Just as the Rose Bowl is the "granddaddy" of college football bowl games, torque and angle might well be the granddaddies of manufacturing data collection. Assemblers have been monitoring their fastening processes for decades, but those efforts have reached a new level in the era of Industry 4.0.
Global automotive supplier IFA Group makes driveshafts and other components for cars, trucks, tractors and industrial machinery. The company has assembly plants in Germany, Poland, China and the United States.
Every vehicle needs a good driver to steer it in the right direction and away from dangers on the road. For 50 years, Pailton Engineering Ltd. has been manufacturing the steering systems that give drivers of all types of vehicles this assurance as they travel from place to place.
The press-and-gauge approach to press-fit assembly can create perfect parts every time. However, for this approach to work, fixture design cannot be an afterthought. As sophisticated as our sensors, presses and software are, a perfect pressing process still requires a good deal of forethought. Following these four steps will ensure that your pressing process achieves the results you desire.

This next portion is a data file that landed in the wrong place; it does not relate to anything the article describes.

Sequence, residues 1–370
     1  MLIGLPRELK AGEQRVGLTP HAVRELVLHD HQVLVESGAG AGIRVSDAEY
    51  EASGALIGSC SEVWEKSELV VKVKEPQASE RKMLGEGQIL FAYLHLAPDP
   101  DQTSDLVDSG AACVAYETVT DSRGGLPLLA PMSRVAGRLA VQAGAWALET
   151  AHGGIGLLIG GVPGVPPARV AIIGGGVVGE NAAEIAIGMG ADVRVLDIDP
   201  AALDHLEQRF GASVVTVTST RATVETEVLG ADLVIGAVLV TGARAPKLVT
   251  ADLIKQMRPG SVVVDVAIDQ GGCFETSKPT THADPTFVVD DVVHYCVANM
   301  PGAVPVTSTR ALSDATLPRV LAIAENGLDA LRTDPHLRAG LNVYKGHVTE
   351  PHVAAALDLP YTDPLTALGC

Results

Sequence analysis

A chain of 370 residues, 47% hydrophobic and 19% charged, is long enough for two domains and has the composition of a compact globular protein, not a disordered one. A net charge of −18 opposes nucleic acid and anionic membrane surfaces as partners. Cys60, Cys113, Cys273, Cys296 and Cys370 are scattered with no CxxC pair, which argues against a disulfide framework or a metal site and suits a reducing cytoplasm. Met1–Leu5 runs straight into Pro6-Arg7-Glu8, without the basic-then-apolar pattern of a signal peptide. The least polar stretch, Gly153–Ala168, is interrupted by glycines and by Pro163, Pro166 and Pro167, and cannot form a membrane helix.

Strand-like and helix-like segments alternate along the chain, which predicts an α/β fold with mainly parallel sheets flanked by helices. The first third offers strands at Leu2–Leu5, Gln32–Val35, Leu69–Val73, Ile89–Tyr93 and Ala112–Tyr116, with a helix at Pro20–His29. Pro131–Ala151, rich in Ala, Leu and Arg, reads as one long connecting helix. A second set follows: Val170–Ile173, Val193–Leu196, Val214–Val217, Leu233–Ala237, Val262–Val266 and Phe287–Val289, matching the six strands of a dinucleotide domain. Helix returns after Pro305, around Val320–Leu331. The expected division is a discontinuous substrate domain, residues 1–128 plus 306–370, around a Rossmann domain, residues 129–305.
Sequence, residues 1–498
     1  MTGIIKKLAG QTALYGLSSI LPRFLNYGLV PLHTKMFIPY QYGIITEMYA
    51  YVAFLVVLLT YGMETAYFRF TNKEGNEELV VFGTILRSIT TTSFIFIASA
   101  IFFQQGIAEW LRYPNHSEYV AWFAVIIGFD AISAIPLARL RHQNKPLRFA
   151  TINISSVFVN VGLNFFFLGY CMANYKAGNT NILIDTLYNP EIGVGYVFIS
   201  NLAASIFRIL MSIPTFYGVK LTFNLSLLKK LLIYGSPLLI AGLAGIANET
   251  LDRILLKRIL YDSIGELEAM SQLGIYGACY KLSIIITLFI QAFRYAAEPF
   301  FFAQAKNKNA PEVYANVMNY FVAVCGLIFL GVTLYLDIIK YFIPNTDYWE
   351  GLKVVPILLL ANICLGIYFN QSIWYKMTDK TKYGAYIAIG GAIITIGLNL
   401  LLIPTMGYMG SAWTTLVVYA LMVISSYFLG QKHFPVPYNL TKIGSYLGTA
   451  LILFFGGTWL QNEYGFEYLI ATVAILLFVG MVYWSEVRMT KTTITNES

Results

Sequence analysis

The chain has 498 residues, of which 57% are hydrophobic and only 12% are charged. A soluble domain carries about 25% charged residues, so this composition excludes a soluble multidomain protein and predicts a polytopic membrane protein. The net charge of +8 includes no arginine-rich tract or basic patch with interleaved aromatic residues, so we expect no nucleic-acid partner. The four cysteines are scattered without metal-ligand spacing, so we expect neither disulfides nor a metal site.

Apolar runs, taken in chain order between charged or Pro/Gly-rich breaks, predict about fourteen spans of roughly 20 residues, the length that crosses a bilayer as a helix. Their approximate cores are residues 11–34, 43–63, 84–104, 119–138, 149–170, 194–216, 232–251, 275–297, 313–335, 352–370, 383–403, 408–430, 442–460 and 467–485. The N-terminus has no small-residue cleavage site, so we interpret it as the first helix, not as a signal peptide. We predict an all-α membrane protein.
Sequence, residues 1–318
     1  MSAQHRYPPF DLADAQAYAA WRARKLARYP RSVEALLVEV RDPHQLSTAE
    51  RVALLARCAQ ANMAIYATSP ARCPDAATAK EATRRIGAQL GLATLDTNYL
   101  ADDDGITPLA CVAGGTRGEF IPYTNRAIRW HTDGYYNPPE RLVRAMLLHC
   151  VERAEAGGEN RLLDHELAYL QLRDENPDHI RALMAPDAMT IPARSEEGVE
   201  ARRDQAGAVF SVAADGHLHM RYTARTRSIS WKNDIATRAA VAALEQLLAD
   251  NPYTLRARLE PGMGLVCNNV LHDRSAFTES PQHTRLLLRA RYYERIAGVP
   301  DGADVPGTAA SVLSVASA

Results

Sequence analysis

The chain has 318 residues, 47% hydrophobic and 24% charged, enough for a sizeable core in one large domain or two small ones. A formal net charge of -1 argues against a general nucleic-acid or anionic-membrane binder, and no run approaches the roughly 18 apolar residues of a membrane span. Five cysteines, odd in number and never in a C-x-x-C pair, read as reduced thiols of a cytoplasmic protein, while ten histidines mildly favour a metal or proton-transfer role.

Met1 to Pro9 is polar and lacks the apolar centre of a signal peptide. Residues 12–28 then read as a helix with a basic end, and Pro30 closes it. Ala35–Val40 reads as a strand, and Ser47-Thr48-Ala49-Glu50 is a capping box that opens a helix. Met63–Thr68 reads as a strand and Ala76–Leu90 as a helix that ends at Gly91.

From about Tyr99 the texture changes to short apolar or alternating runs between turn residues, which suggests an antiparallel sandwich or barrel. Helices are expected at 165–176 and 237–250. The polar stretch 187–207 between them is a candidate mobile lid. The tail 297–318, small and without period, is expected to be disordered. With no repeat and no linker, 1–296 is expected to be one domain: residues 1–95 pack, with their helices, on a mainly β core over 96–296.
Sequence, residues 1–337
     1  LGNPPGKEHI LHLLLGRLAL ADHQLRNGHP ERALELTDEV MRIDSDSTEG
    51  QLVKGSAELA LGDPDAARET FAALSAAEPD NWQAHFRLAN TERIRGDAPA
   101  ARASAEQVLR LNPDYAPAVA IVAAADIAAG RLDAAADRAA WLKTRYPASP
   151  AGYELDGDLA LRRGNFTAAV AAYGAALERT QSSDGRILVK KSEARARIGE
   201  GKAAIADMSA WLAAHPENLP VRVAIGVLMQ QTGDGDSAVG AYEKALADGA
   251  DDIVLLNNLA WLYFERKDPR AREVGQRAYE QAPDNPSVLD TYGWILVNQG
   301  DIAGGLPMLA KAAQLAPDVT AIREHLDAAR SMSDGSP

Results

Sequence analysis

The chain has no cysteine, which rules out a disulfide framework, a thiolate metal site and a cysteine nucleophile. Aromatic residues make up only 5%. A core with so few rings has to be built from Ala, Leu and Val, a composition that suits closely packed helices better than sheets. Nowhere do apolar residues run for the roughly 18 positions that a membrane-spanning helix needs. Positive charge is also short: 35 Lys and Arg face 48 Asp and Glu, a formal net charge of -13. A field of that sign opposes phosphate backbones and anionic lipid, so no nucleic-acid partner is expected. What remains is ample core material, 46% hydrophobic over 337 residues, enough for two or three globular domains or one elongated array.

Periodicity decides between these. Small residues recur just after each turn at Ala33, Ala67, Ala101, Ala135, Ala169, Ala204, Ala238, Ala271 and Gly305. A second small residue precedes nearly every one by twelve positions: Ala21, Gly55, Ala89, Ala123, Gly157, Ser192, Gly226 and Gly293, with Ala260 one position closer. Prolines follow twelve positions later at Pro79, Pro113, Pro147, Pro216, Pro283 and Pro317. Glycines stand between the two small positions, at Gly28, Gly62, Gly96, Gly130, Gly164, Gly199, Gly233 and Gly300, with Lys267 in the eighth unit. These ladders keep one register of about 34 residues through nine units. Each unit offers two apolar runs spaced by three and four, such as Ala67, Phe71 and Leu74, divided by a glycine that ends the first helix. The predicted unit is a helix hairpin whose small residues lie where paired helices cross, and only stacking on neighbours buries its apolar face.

In manufacturing, ironclad formulas for success are hard to come by. This is especially relevant for press-fit assembly, a process whereby one part is inserted tightly into a hole in another part with a single quick stroke (1 to 2 seconds).
Millions of people visit health clubs to work out on stationary bikes and treadmills every day. In contrast, only several thousand people get their daily exercise by actually assembling these pieces of equipment.
A handheld servo press was just one of many new press technologies that were on display at the 2017 ASSEMBLY Show. More than a dozen press suppliers are exhibiting the latest in hydraulic, pneumatic and electric technologies.
When an assembly press supplier meets with a manufacturer to discuss its next purchase, both parties focus on one question: Which type and model of press is best for the current application? Mike Brieschke, vice president of sales at Aries Engineering Corp., recalls how two such meetings in 2006 with automotive OEMs led the supplier to ask itself another question: Which type of press is best for the future of assembly?